Next Generation is a BWH Clinical & Research News (CRN) column penned by students, residents, fellows and postdocs. This month’s column is written by Bradley Wertheim, MD, the inaugural Burke Fellow in Pulmonary Heart Disease.
John Donne famously wrote that “No man is an island, entire of itself; every man is a piece of the continent, a part of the main.” The same can be said in medicine: No organ is an island. The interplay of one organ with another can dictate health or disease. Yet, through medical school and clinical training, we become biased in thinking about only one organ at a time. Out of custom and efficiency, we draw artificial distinctions between a “lung problem” under the purview of pulmonology and a “heart problem” under the purview of cardiology, and the like. However, there are many diseases where this heuristic fails, and ultimately, patient care suffers.
Pulmonary heart diseases are one such example. Straddling the border between two disciplines, they encompass a variety of disorders affecting the structure and function of the lung, which strain the right side of the heart and compromise its ability to pump effectively. Pulmonary arterial hypertension (PAH) is the archetypal condition in this family, and is characterized by elevated blood pressure within the lung arteries due to progressive narrowing and destruction of blood vessels. Historically, survival in PAH was poor, rivaling that of aggressive cancer. Over the last three decades, survival has improved, owing to better understanding of the disease and the development of three new classes of targeted medications. In spite of this progress, the illness can still be devastating, and unfortunately, many patients still have symptoms for years prior to receiving a definitive diagnosis and starting effective therapy. This is in part due to the rarity of this condition, lack of awareness by clinicians and traditionally siloed approach to diagnostic reasoning. As the inaugural Burke Fellow in Pulmonary Heart Disease at Brigham and Women’s Hospital, I am working across traditional academic boundaries to better understand and treat this frequently overlooked population of patients.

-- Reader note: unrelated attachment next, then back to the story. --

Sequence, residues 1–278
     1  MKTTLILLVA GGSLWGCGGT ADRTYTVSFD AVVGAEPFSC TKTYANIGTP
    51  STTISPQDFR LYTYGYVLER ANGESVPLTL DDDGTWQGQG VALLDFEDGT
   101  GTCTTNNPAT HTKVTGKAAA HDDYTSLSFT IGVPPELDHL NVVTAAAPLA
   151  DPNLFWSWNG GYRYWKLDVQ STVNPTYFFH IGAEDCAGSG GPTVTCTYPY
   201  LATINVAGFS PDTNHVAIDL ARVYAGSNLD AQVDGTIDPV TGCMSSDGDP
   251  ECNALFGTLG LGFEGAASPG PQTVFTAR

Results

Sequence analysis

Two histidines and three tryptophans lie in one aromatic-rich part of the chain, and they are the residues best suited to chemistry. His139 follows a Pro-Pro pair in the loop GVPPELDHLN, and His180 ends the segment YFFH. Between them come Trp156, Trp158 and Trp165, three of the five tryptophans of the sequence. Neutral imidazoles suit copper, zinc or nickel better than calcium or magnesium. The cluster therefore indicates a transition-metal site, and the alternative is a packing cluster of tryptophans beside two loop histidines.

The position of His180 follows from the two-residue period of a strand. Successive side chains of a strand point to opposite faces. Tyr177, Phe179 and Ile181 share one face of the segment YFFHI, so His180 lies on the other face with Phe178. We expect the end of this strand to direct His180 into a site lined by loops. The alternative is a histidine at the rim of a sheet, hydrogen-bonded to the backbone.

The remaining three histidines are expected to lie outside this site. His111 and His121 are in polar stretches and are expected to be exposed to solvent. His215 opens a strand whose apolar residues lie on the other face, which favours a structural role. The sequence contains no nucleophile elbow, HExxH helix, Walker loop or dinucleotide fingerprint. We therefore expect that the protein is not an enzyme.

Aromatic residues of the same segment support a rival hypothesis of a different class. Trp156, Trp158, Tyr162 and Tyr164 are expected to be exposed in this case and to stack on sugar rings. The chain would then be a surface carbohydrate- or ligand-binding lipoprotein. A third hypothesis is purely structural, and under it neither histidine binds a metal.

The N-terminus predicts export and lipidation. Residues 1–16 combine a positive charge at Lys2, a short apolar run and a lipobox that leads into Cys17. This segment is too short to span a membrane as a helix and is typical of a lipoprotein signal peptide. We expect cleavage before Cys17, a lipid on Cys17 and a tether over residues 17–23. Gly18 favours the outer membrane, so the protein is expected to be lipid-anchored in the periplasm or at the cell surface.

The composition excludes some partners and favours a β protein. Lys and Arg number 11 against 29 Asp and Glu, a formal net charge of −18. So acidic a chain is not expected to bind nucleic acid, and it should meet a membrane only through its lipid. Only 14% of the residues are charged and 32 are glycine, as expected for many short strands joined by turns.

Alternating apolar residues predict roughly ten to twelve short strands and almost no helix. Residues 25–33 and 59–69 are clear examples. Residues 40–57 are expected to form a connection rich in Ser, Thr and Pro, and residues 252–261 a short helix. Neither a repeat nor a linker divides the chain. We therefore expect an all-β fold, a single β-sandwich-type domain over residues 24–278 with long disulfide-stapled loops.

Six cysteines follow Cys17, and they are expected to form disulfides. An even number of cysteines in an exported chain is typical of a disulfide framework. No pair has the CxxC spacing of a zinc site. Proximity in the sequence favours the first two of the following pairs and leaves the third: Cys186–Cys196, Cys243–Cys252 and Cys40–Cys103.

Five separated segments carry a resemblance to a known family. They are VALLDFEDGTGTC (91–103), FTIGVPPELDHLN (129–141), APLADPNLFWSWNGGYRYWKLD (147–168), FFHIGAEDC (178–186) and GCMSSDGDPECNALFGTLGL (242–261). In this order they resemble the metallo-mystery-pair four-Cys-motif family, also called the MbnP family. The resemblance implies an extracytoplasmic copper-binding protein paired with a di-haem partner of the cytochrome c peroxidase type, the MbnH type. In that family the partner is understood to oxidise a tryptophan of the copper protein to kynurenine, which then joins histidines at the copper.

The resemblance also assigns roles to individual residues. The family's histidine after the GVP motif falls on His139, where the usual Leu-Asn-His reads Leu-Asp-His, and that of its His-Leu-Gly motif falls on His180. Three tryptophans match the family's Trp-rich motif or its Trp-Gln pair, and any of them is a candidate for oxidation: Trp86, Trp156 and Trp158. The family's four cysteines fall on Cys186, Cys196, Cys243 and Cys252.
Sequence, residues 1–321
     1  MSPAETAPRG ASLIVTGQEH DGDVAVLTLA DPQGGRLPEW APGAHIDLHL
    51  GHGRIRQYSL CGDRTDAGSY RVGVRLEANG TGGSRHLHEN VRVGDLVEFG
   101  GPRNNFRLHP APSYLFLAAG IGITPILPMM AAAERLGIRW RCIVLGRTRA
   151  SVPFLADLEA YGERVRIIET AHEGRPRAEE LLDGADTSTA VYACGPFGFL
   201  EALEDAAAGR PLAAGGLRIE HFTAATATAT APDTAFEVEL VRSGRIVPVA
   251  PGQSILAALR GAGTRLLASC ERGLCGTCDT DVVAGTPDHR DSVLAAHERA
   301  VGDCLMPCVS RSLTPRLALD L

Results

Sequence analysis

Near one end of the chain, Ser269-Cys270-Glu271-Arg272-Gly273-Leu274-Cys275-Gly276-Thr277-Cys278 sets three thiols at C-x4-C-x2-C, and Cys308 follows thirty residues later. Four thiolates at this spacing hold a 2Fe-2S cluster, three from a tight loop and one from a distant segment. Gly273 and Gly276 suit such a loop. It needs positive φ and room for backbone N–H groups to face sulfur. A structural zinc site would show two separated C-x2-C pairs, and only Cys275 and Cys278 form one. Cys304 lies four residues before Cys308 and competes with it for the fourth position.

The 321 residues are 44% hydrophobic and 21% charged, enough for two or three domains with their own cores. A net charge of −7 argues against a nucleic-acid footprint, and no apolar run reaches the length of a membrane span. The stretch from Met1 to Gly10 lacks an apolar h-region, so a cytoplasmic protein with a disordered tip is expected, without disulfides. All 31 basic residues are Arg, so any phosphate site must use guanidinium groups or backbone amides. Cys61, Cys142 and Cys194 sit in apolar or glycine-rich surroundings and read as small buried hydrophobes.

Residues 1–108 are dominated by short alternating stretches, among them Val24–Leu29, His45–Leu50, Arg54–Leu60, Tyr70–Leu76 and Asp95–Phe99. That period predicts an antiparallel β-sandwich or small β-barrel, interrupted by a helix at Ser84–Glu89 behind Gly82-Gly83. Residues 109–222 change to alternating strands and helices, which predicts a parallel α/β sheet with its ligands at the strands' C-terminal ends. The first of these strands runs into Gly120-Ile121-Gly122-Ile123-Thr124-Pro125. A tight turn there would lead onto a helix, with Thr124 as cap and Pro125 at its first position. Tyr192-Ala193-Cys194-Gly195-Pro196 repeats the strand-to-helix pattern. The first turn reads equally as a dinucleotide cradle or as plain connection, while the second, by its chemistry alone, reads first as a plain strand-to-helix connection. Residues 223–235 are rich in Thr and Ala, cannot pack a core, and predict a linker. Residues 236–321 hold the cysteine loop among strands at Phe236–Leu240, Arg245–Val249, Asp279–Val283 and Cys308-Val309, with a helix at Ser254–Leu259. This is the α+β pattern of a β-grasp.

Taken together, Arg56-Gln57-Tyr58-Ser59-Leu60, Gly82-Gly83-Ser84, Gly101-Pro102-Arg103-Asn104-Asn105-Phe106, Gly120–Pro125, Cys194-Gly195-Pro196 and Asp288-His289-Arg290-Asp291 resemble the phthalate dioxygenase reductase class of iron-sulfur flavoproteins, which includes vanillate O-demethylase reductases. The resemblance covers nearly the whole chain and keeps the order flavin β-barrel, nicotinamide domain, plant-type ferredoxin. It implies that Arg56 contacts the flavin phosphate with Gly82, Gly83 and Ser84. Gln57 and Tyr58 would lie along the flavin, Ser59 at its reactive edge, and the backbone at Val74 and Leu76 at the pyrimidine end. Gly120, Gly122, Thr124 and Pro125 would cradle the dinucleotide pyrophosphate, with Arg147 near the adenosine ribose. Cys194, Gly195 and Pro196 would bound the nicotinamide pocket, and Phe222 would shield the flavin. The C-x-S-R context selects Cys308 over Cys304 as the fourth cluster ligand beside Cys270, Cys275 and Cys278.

An unlikely premedical experience stimulated my interest in heart-lung interactions. Building gas stations for the family contracting business, I enjoyed the practical troubleshooting of pumps, electrical circuitry and piping. My father taught me about Ohm’s law, V=IR, where the voltage in an electrical circuit is equal to the product of flow and resistance. As a medical student in BWH’s Barbara Cockrill’s, MD, pathophysiology course at Harvard Medical School, I learned that the same equation is applied to describe blood flow through the pulmonary circulation. I became a pulmonologist, in part, because I enjoy the application of math to describe air, blood, oxygen and carbon dioxide transit through the lung. I also realized that I love intensive care medicine and the challenge of caring for the sickest patients in the hospital.